1. About the argument against it, "{@const will make code less consistent ": I think the same is true now, since people can come up with very different ways of dealing with the "computed value inside each loop/if function" problem. Some extract components, some use functions, some will prepare the array differently beforehand.
    2. This is exactly why I'm in favor of @const. Helpers are fine, except when they're not and turn into boilerplate.
    3. Right, because those are the only 3 instances where new "scopes" are created, which means you're seeing data for (probably) the first time.

      good point: means you're seeing data for (probably) the first time.

    4. I like this, mostly because it allows me to write small components without creating another separate sub-component for holding the value simple computation. I get annoyed every time I need to create a component just to hold a variable, or even move the computation away from the relevant location. It reminds me of the days where variables in C had to be declared at the top of the function.
    1. Putting a browserlist in the project will send a false signal to users. Svelte is only a lib, not an application. The consumer / implementer will have to decide what level of support he wants, according to its constraints/userbase and adjust its build process and polyfills implementation.
  11. Sep 2020
    1. A lot of instructions I read say things like npm install niftycommand and then niftycommand. But this will never work unless you have ./node_modules/.bin in your path, will it?
    1. Yes, they do but none of them allow arbitrary javascript anywhere in the template it is finely controlled. This deviates from that, in fact that is it's defining feature.
    1. We should also allow passing unrecognised props to the rendered component. eg: tabindex might be required on some instances of a component, and not all. Why should developers have to add tabindex support to their components just that it may potentially be used

      Glad to hear this is solved now: $restProps

    2. The language should work for developers, not the other way around.
    1. Adding my 2 cents to the discussion. Adding a class prop to a component doesn't necessarily mean it should apply the style to the root element, but it makes sense that it should apply it the main element visually. Let's take a modal component as an example.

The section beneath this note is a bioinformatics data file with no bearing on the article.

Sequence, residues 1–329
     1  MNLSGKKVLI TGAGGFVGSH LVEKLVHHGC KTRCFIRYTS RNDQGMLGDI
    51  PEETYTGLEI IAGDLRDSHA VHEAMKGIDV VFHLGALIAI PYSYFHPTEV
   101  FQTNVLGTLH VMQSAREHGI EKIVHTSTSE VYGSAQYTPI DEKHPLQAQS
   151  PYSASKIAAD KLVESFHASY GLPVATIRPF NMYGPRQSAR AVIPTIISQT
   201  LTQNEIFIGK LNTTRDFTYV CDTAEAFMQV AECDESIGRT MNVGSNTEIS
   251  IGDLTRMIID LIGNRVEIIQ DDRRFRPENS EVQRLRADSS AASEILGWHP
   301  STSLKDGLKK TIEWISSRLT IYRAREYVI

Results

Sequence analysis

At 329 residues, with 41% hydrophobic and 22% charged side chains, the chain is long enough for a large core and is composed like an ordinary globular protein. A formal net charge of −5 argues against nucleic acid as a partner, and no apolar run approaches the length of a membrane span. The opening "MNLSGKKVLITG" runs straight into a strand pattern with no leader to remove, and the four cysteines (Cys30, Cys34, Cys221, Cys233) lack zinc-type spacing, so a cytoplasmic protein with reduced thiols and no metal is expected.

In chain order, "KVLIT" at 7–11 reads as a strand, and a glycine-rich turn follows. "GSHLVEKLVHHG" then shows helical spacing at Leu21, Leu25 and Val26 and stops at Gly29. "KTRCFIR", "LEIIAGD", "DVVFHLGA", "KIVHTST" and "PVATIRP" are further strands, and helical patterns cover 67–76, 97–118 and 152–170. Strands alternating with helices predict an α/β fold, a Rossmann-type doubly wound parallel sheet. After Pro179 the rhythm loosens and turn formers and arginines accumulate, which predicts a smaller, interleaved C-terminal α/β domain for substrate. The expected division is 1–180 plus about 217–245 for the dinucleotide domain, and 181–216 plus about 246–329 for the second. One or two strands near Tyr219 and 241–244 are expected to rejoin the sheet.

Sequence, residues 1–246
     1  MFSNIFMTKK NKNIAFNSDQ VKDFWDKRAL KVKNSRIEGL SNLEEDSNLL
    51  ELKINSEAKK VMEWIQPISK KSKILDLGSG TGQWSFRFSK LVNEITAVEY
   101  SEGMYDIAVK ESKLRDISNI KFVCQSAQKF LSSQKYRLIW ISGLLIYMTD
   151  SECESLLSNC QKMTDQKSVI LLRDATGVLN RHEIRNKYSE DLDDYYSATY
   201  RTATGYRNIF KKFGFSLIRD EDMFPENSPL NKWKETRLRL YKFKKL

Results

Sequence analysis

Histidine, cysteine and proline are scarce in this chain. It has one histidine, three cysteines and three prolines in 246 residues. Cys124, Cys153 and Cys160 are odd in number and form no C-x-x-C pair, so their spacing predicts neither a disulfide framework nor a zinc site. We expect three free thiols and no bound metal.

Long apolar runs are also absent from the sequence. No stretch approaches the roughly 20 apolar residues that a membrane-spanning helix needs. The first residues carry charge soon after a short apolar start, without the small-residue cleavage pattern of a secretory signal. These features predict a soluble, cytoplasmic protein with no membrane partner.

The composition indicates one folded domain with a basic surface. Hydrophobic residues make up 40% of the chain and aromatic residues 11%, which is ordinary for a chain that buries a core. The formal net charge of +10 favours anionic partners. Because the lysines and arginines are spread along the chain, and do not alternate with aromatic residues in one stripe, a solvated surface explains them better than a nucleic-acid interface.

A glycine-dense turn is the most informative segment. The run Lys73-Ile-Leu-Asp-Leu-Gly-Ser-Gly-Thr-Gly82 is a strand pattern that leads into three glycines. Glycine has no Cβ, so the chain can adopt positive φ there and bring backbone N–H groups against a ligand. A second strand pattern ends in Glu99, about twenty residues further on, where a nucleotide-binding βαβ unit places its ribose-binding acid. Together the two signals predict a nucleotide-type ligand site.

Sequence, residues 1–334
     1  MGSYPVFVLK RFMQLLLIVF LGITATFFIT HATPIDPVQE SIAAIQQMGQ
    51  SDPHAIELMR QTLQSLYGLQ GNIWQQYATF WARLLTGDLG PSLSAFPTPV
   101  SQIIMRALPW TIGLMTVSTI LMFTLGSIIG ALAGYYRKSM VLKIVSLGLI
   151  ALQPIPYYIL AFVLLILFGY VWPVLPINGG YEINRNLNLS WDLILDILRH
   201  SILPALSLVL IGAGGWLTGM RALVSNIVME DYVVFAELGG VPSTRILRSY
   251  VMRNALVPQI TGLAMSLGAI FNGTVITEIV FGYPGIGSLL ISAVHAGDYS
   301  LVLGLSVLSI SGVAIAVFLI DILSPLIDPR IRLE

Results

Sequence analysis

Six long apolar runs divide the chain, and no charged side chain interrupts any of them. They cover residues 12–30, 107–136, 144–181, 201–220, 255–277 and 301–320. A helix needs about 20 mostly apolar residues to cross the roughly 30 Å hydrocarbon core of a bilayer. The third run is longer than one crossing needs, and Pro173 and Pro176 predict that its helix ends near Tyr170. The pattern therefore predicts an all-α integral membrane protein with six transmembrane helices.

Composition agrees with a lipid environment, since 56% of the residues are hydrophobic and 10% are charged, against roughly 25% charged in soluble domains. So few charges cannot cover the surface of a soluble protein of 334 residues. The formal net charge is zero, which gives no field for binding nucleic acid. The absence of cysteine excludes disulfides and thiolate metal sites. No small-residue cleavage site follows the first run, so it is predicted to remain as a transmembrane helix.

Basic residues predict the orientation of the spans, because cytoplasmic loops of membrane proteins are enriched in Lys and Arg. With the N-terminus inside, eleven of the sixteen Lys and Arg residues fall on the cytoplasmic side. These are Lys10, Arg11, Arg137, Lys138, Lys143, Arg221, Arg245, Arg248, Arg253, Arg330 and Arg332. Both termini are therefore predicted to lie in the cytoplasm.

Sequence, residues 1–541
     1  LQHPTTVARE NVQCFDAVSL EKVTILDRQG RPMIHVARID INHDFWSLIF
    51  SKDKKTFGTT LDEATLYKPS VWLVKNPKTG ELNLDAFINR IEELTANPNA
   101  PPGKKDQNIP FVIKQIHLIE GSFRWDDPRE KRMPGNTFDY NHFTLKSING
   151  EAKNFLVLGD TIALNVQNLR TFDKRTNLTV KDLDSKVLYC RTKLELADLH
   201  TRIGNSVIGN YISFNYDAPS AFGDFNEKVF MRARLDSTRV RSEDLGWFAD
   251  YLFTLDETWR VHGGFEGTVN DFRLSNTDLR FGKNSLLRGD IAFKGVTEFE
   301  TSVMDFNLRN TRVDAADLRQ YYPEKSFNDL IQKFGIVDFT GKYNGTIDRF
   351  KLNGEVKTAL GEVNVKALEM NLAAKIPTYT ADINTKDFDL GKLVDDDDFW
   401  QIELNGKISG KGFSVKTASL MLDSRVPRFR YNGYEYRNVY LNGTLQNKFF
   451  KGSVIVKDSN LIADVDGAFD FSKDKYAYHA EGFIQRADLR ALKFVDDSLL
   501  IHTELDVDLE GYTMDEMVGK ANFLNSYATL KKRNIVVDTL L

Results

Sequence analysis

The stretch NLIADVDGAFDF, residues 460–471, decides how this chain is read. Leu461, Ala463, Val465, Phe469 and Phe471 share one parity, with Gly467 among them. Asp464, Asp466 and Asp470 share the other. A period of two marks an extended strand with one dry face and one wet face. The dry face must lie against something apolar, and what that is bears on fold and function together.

2. You're not trying to pass a class to a dom element. You're passing a class to a component. It's up to the component to define what that means for the components use case. In most cases it would be passed to a dom element.
    1. I don’t want my source to be human-readable, not for protective reasons, but because I care about web performance more. I want my website to arrive at light speed on a tiny spec of magical network packet dust and blossom into a complete website. Or do whatever computer science deems is the absolute fastest way to send website data between computers. I’m much more worried about the state of web performance than I am about web education. But even if I was very worried about web education, I don’t think it’s the network’s job to deliver teachability
  12. Aug 2020
    1. I think the conjugation is particularly helpful to see why it should be two separate words: "log in" -> "logging in" -> "logged in"
    2. You can also think about each one with the way we stress the different syllables slightly when we're speaking: "log in to host.com" sounds like "log + in + to host.com" (each word is pretty much evenly stressed) "log into host.com" sounds like "log + INto host.com" (the stress is on "in") "login to host.com" sounds like "LOGin + to host.com" (the stress is on "log")

      I wouldn't have thought about using the way we pronounce it to make a point about grammar, but somehow it seems to help slightly to make the point.

  13. Jul 2020
    1. It would be nice if the tests weren't so implementation specific, but rather tested the essence of the functionality. I tried to make them less brittle but failed. To that end, re-writing all the tests in rspec would be (IMHO) a brilliant improvement and pave the way for better tests in the future and more flexibility in implementation.
  14. Jun 2020
  15. May 2020
  16. Apr 2020
    1. I think it's useful to differentiate especially because there are many situations where "hack", and its conjugations, is the only effective term to describe something that has nothing to do with malicious violation of security measures or privacy.
  17. Mar 2020
    1. The whole point of not relying on debt excessively in normal times is precisely to be able to use debt massively and without hesitation in situations like this.